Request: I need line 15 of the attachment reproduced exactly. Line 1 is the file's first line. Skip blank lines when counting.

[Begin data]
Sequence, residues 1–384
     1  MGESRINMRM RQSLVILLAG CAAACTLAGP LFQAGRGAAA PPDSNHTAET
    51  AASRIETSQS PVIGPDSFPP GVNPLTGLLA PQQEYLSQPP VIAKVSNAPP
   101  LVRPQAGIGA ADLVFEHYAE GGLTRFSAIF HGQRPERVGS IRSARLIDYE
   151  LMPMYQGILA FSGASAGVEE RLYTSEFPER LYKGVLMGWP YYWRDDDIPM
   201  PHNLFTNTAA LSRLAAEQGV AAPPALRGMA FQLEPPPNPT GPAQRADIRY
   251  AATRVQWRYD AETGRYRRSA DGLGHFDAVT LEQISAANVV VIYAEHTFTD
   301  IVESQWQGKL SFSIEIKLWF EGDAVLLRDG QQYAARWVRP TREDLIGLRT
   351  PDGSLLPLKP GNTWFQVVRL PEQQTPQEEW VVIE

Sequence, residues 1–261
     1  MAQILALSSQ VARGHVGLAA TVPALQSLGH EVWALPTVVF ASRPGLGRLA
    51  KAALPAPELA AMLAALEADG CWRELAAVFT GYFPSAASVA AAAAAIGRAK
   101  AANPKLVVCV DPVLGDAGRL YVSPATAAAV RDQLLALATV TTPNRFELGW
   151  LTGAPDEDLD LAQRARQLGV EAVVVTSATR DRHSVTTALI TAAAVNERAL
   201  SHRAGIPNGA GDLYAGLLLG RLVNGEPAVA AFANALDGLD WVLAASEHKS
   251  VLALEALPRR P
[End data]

   201  SHRAGIPNGA GDLYAGLLLG RLVNGEPAVA AFANALDGLD WVLAASEHKS